It’s critical to identify any credit report errors and report them as soon as possible. These aren’t just inconveniences and they can have a substantial impact on your short-term and long-term future. While credit scores can occur for a variety of different reasons, they should never have a permanent impact on your quality of life. Understanding the potential impacts credit errors can have is a great first step towards minimizing their negative effects and ramifications.
Higher Interest Rates
When lenders review your credit report as part of their decision-making process, they use it to assess your creditworthiness. You may be offered loans or credit cards with higher interest rates if you appear to be a bigger risk due to a credit report error that you weren’t responsible for. Elevated interest rates lead into more significant expenses over the life of any withstanding loan or credit card balance. For example, when purchasing a home, a slightly higher interest rate can result in thousands of dollars in additional interest payments over the course of a long-term mortgage.
Your credit report heavily determines whether you are a suitable candidate for credit from a lender’s perspective. High-risk borrowers may find their credit applications denied. Significant expenses like buying a home, financing a car, or covering emergency medical bills suddenly are much more problematic processes.
The frustration of securing a loan may only compound if you’re dealing with credit reports errors. You may have to deal with less favorable terms, due to a mistake that was out of your control. Lenders may offer you smaller loan amounts, require larger down payments, or impose shorter repayment periods. Paying bills, covering monthly expenses, and reaching your financial goals can seem impossible.
Examples of Common Credit Report Errors
Here are a few prevalent credit report errors that individuals often encounter:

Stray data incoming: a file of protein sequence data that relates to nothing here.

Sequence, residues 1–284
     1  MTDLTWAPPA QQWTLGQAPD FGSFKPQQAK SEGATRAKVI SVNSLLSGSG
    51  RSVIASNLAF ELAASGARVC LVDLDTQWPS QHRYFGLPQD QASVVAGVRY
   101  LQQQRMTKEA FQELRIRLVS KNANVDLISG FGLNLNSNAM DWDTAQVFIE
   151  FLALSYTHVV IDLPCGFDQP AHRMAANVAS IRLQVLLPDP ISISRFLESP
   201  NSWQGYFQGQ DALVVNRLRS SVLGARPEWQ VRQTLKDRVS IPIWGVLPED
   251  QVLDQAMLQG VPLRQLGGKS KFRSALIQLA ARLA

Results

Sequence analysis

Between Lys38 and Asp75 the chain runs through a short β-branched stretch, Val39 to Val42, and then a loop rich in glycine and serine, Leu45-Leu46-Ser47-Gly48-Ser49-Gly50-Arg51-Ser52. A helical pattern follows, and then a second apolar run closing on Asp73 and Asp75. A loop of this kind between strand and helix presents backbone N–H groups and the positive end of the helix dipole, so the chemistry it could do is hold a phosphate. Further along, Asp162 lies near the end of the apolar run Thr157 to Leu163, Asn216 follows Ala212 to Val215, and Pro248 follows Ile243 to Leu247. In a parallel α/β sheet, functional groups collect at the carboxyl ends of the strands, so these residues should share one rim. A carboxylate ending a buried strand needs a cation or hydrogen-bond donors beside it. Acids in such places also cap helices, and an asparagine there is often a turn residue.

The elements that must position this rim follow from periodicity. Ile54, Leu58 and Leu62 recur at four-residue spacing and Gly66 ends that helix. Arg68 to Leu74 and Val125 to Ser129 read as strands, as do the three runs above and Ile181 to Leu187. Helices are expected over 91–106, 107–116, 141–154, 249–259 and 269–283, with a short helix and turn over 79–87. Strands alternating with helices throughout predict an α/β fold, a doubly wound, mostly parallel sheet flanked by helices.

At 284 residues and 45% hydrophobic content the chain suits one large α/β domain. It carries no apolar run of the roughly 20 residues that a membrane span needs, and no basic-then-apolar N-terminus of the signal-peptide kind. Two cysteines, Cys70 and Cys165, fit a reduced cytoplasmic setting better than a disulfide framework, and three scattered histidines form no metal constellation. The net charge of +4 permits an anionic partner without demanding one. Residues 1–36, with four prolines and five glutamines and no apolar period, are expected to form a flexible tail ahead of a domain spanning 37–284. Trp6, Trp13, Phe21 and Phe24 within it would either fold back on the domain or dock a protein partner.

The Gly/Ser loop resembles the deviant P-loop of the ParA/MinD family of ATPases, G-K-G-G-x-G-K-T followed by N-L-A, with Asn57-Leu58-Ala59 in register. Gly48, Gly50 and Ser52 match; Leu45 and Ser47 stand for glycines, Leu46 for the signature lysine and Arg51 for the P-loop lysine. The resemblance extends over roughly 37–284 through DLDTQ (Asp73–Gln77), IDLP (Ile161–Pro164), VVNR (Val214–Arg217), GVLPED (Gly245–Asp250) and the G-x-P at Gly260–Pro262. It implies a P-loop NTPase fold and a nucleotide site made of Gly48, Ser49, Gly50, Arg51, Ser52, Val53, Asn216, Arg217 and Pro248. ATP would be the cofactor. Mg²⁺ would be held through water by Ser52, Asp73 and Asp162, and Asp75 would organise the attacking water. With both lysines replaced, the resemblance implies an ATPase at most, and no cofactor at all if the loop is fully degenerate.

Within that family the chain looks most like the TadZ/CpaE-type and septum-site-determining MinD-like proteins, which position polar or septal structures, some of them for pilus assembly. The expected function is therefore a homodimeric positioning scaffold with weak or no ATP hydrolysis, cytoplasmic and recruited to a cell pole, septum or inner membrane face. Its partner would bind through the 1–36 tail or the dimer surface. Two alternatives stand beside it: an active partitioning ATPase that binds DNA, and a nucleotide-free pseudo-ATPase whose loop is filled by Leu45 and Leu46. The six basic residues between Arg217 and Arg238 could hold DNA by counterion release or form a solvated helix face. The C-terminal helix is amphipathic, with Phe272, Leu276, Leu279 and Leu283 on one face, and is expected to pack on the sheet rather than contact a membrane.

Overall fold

- Inaccurate phone numbers, name, addresses
- Closed accounts reported as open accounts
- Inaccurate date of an account opening or closing
- Inaccurate date of last payment
- Account balance errors or credit limit errors
- Fraudulent accounts opened through identity theft
- Accounts that do not belong to you
- The same account appearing multiple times with different creditors
- The same debt being reported multiple times
Correcting Credit Report Errors
If you discover errors on your credit report, take the following steps to address them:
Contact the Credit Bureau
Notify the credit bureau that is reporting the error in writing. Provide clear documentation to support your dispute, such as receipts, statements, or correspondence with creditors.
Allow for Investigation
Credit bureaus are obligated to investigate your dispute within 30 days. During this time, they will reach out to the creditor or lender in question to verify the accuracy of the information.
Review the Investigation Results
Once the investigation is completed, the credit bureau will provide you with the results. If the error is resolved in your favor, they will furnish you with an updated and corrected credit report. If the credit bureaus have not taken the necessary steps to correct these errors despite your repeated attempts, you may have grounds for legal action against them. A Florida credit report error attorney can help determine if you have a potential legal case for compensation.